Model statutes and ordinances will make it easier to “go solar”
Sept. 27, 2011
Nathan Hurst, email@example.com, 573-882-6217
COLUMBIA, Mo. – In an era of rising energy prices and growing concerns over climate change, demand for renewable energy sources such as solar power has steadily increased. One hurdle that many potential solar energy users face is a lack of adequate state and local laws to enable the efficient use of solar energy. To help address this problem, Troy Rule, an Associate Professor of Law at the University of Missouri School of Law and a renewable energy law expert, is drafting new model statutes and ordinances that should make it easier for people to use solar power.
Rule says one of the obstacles encountered by landowners who are considering new solar panels is solar access. A person who wants to install solar panels on his roof must be confident that his neighbor will not build a second story on his house or plant a large tree that would shade the panels from the sun. Rule seeks to provide state and local government officials with clearer guidelines and better model language for enabling citizens to protect solar access on their properties.
“Solar access is an issue that can be a major obstacle to solar energy development,” Rule said. “The statutes and ordinances we are drafting are aimed at eliminating such obstacles. It won’t cost local governments much to implement these provisions, and the provisions will better address solar access disputes and thus promote solar energy use.”
The new model ordinances will be structured to allow for easier adaptation into existing zoning codes and will include an innovative set of optional provisions designed to incentivize developers to consider solar access when planning new real estate developments.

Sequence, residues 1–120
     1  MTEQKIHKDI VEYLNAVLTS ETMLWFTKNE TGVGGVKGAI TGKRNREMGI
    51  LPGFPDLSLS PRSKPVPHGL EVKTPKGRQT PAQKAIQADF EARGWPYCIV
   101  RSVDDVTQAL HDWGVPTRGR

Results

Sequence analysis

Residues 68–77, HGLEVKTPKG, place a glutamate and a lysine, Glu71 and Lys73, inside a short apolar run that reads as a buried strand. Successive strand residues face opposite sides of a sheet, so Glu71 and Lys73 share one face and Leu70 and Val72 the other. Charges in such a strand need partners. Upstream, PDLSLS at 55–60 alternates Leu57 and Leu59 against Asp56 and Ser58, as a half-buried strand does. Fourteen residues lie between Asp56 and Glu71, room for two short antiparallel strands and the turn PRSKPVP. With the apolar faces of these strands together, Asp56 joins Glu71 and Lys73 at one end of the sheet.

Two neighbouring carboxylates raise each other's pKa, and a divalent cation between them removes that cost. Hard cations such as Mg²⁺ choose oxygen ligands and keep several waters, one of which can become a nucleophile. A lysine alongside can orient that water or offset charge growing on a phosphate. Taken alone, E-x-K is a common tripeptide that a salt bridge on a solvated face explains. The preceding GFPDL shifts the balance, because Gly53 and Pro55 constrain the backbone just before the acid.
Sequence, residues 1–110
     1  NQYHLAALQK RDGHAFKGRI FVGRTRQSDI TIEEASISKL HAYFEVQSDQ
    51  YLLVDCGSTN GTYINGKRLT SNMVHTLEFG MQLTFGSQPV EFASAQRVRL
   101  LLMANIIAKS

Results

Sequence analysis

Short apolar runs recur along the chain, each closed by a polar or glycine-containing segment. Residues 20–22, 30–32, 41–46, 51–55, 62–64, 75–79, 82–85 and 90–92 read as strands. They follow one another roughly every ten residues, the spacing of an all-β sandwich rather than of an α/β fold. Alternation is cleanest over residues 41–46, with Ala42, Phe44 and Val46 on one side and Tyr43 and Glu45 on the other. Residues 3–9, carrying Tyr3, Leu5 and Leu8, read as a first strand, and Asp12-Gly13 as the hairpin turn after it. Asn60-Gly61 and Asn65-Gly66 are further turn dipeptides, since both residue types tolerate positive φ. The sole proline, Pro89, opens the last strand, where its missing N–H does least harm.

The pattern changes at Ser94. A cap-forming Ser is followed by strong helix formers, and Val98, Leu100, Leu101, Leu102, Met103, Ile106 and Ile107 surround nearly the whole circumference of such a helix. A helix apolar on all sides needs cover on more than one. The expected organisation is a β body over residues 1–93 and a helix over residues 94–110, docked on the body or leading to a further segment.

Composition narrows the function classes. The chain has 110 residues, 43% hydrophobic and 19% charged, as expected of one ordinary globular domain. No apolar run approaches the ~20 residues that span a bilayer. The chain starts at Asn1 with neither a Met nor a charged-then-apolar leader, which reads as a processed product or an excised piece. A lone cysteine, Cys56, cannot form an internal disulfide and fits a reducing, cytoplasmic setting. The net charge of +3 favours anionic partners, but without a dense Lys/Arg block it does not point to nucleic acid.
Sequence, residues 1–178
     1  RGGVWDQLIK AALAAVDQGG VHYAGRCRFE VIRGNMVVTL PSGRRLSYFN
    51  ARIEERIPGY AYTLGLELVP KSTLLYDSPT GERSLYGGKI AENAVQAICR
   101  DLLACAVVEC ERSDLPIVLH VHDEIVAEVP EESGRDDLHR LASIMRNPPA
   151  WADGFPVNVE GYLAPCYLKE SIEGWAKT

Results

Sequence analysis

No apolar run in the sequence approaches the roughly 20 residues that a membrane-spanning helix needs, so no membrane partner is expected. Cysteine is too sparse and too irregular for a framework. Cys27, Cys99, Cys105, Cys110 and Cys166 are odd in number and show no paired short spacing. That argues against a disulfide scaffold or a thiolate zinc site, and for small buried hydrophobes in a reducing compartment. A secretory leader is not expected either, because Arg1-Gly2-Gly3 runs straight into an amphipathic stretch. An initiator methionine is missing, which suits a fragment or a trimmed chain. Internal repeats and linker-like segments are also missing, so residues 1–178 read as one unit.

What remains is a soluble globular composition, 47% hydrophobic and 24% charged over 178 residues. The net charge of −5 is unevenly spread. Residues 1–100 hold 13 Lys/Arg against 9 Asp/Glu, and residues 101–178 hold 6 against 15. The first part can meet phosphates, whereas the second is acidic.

Funding for the project comes from a $52,800 grant from SolarTech, a non-profit industry group with a mission to remove cost-barriers and help accelerate the growth of U.S. solar markets. SolarTech’s Solar3.0 process innovation platform recently won a $2.5 million grant from the U.S. Department of Energy to develop model codes, standards, rules, and processes that will enable reduced deployment times and costs for solar installations.
Troy Rule joined the University of Missouri law faculty as an associate professor of law in 2009. Rule has published articles on renewable energy law in the Utah Law Review, Illinois Law Review, and San Diego Law Review. Prior to entering law teaching, he was an attorney at K&L Gates LLP in Seattle, where his practice focused primarily on commercial real estate transactions and wind energy development. He graduated with honors from the University of Chicago Law School in 2005, where he served on the Chicago Journal of International Law.
Operating at the intersection of industry, consumers, local governments, and utilities SolarTech provides the path to make solar happen through better tools enabling the industry to execute faster at lowest possible cost, accelerating the growth of solar energy at the state and local level. On behalf of their 120 members, Board, and partners, their mission is to develop, deploy and disseminate best practices and standards that make mass adoption of solar a reality through our core initiatives: workforce development, financing, performance, installation, permitting, and interconnection. For information on SolarTech, visit www.solartech.org.